‘Ne Zha’ and the History of a Good Story

What two “Ne Zha” adaptations, released 40 years apart, say about the state of Chinese storytelling.

This summer, China’s undisputed box office champion was a spunky, mischievous god-prince. “Ne Zha” raked in more than 4.7 billion yuan ($656 million) in less than two months, making it the country’s highest grossing animated film and second-highest grossing domestic film of all time.

Although not as well-known abroad, Ne Zha is a household name in China, where he’s possibly the second-most beloved mythological hero after “Monkey King” Sun Wukong. (“Monkey King: Hero is Back” previously held China’s animated box office belt.) The third son of deity Li Jing — sometimes known as the “Pagoda-bearing Heavenly King” — Ne Zha was born a troublemaker and a fighter. Often whirling through the air on wheels of fire, with a floating red sash draped around his shoulders, Ne Zha is one of the few child deities in the Chinese pantheon.

But this summer’s blockbuster isn’t the first time Chinese animators have brought Ne Zha’s tale to the big screen. “Prince Ne Zha’s Triumph Against the Dragon King,” released in 1979, at the beginning of the “reform and opening-up” period, is a beloved classic and one of the best-known Chinese animations of all time. Revisiting it today, after the towering success of this year’s adaptation, offers an interesting window into how the country’s animation industry — and the values it espouses — has changed over the past 40 years.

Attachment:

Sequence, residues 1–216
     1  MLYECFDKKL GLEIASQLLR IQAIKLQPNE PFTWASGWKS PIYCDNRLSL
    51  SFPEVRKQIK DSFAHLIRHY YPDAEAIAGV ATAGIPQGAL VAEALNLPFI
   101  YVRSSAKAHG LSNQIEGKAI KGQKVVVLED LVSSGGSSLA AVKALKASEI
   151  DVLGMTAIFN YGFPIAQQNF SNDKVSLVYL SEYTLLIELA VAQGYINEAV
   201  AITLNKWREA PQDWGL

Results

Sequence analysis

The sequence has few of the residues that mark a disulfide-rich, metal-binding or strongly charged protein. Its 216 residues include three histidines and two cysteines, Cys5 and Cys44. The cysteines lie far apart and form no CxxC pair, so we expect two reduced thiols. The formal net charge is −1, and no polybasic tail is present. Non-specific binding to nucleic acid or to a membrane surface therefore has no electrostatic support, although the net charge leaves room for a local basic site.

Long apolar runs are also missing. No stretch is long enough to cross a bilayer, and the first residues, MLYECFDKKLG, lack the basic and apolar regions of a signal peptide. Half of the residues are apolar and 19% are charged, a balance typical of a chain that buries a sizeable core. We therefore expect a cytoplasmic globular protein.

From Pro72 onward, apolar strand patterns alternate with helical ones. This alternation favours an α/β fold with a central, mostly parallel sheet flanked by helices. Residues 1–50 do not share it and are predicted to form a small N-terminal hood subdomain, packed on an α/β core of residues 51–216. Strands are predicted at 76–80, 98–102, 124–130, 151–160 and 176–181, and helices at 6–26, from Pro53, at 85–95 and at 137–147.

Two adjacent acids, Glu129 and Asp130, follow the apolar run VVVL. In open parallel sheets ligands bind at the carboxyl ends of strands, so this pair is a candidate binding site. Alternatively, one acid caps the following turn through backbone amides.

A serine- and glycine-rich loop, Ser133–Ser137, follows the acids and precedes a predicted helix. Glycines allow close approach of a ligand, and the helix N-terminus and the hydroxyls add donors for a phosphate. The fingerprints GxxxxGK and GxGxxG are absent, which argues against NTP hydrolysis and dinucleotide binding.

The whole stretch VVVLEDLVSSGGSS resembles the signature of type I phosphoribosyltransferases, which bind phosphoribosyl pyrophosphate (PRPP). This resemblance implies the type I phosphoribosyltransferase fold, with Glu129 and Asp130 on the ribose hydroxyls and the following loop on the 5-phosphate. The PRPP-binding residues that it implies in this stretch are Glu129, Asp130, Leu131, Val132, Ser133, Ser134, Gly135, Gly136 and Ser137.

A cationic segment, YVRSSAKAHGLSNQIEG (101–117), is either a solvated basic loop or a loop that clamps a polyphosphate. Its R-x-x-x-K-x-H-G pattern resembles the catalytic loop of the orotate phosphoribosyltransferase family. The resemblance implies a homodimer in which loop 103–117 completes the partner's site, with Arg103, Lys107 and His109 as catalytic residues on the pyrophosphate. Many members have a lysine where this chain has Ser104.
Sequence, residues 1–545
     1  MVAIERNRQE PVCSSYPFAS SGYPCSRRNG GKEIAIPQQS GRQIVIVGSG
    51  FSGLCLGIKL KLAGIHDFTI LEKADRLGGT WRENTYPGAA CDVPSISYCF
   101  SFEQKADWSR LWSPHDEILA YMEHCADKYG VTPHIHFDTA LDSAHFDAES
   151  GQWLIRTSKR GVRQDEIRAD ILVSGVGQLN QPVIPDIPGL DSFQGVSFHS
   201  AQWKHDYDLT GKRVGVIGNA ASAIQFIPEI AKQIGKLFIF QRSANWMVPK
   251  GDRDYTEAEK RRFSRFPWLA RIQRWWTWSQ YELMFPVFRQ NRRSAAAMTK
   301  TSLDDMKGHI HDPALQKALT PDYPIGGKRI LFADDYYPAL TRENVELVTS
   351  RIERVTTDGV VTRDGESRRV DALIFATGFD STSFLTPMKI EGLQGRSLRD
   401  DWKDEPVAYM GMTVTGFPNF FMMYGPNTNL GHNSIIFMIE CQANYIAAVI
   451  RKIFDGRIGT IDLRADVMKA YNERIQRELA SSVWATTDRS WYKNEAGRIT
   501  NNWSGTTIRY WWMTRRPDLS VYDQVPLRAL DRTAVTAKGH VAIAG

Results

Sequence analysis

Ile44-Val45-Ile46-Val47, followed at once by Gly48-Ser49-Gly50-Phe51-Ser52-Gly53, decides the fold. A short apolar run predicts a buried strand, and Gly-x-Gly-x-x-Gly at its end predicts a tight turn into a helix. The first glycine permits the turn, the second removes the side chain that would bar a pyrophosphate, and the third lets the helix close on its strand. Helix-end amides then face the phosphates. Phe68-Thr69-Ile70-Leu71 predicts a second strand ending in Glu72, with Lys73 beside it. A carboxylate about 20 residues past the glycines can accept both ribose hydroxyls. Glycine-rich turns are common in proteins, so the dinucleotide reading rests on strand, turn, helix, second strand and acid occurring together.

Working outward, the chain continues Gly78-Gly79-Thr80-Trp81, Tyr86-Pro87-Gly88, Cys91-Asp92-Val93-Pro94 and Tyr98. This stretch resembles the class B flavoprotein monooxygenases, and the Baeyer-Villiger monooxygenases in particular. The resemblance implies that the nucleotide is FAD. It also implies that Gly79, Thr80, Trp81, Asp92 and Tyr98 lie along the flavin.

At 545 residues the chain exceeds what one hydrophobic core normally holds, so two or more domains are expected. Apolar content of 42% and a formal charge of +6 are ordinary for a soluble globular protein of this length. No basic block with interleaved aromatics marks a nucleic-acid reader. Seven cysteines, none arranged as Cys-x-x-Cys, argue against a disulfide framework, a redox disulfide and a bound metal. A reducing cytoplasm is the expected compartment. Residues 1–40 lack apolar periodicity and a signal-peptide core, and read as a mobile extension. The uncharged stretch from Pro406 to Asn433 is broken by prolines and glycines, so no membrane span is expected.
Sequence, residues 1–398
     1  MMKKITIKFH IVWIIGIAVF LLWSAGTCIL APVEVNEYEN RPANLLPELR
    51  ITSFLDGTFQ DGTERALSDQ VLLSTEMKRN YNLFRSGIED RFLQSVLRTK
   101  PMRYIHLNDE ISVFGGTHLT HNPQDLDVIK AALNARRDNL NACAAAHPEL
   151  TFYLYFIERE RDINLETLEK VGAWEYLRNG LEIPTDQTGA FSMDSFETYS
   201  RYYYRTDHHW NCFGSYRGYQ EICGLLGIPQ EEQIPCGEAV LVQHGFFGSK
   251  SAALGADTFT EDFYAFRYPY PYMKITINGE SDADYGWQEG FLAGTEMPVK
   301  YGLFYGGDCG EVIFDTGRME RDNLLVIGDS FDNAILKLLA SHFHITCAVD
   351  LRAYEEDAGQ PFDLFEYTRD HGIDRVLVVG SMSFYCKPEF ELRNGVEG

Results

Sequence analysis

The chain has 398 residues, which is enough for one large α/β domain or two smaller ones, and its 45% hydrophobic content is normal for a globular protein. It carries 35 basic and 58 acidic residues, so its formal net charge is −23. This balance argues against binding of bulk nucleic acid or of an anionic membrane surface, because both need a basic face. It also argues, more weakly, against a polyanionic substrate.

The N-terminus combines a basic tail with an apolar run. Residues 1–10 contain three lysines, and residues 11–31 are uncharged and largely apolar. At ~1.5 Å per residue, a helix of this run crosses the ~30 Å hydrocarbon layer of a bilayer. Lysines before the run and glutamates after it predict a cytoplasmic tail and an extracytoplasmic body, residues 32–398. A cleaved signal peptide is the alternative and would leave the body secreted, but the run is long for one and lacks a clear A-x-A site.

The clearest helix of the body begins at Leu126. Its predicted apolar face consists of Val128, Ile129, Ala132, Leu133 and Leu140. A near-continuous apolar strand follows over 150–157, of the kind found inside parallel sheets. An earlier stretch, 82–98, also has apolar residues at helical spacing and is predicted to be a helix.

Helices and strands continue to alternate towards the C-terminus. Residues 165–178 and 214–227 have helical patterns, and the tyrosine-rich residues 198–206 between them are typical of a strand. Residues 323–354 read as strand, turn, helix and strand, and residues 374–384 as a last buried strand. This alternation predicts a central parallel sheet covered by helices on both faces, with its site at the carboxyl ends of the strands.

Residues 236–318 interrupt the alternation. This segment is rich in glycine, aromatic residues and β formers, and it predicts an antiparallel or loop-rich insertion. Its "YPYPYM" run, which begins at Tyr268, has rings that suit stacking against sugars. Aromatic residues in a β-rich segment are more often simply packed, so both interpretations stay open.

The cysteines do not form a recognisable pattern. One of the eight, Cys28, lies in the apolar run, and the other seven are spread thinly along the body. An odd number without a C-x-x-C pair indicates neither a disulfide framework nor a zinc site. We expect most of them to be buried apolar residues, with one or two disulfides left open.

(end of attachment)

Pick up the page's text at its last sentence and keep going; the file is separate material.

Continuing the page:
A still frame from 1979’s “Prince Ne Zha’s Triumph Against the Dragon King,” showing Ne Zha pulling out the dragon’s spine. From Douban

“Prince Ne Zha” is based on what is arguably the most famous legend associated with the boy god: his battle against the Dragon King. When Ne Zha was 7 years old, he went to bathe himself in the legendary East Sea. Churning the waters with his sash, he disturbed the Dragon King’s underwater palace and later brutally killed the king’s third son in battle.

Mythic justice is harsh, and the heavens decree is that Ne Zha’s parents must die to wash out the blood. Before the sentence is carried out, Ne Zha decides to save them by killing himself. CONTINUE READING


– This article originally appeared on Sixth Tone.